5. Operationalize content and manage it like any other complex supply chain

Imagine the massive amount of air travel happening safely and successfully without the invisible team work of air traffic control. In a similar fashion, Content Operations provides cover for each initiative and content project. It monitors adherence, and helps the content supply chain flow. Content Operations also uses standards to improve quality and support and extend strategy. 

Content is no longer static: it has to do so much more, in so many places, for so many different kinds of audiences. And, content has grown exponentially over recent years due to the proliferation of platforms and consumers. Fortunately, Content Operations empowers various teams to communicate and collaborate with ease. 

With Content Operations, shared workflows, integrated tools, and standard procedures come together to help content creation go a much further distance with the same resources at play. The goal is to increase flow and throughput while decreasing friction throughout the content supply chain. 

Having an Operations function chartered to improve the workflow results in: faster content creation and management, better standards adherence, fewer breakdowns, faster fixes, more communication, and higher quality.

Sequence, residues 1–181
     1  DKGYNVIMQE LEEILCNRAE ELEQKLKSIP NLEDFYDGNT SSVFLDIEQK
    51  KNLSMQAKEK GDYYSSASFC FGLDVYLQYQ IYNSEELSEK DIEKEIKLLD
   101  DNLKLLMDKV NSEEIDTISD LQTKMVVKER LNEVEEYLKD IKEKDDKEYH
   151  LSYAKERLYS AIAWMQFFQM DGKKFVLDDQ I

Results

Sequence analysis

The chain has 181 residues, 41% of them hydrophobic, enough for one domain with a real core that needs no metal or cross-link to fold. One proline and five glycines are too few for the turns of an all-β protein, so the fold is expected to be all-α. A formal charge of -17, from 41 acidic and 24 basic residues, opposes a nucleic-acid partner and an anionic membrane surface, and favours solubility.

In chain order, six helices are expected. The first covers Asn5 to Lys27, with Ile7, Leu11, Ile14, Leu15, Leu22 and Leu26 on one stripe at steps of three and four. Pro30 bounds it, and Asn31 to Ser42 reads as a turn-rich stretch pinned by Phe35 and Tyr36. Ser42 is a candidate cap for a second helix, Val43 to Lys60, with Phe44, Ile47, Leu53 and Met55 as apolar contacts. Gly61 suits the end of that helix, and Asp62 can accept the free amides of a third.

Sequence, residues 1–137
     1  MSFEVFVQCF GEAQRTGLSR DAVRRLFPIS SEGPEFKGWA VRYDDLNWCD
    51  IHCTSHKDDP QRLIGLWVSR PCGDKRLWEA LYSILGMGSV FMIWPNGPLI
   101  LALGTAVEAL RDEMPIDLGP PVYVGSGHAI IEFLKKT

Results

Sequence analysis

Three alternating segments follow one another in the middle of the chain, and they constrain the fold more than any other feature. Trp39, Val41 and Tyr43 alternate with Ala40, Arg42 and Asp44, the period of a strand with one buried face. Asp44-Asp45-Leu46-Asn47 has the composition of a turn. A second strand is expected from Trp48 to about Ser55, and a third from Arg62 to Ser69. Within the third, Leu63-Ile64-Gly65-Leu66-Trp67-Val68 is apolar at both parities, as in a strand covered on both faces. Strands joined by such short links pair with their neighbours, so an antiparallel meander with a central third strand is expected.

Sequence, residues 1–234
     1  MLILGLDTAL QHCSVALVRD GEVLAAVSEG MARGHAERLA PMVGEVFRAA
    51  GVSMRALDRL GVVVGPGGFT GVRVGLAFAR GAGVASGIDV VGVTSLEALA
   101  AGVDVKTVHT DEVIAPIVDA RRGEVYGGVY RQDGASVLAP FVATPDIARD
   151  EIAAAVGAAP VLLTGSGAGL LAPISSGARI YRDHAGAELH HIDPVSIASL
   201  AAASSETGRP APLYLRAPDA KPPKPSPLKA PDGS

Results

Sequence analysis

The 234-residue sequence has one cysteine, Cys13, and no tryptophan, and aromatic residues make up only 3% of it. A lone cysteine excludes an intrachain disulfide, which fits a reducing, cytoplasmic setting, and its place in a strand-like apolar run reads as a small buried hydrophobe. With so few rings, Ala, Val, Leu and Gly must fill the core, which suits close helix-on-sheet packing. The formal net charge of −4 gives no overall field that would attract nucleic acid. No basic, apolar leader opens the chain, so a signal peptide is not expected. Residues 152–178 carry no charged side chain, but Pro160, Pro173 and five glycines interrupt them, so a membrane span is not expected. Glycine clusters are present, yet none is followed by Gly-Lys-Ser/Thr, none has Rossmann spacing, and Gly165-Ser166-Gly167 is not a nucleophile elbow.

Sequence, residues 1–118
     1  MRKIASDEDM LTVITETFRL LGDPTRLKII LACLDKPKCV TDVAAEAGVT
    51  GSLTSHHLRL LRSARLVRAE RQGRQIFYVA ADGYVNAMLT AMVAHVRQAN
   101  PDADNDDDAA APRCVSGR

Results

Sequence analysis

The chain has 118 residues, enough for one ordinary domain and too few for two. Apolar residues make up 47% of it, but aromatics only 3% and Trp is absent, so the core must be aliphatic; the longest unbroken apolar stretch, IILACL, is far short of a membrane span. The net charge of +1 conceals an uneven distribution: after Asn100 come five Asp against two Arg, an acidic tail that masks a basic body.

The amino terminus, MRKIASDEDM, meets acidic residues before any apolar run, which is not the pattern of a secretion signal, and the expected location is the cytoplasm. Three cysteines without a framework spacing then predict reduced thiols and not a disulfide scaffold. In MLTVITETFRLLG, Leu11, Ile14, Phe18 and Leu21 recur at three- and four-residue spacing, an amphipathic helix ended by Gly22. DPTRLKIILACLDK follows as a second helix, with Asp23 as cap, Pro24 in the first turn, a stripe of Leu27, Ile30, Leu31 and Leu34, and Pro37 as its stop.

Moving towards a solution

These steps aren’t particularly hard. But they do require time, effort, and investment. Just like we’re needing to change our personal behavior and patterns to adjust to the new world, we also need to adjust our knowledge work. We need to start by understanding the roots of the chaos. 

Our knowledge assets need to live their full life. They light up all our customer experiences. Content drives the whole distributed ecosystem of any organization.

Now is the perfect time. Let's organize teams to understand and manage the content supply chain as a function.  

If your team is ready to take the next step toward intelligent, intentional systems and processes, connect with [A] today. Let’s work smarter, together.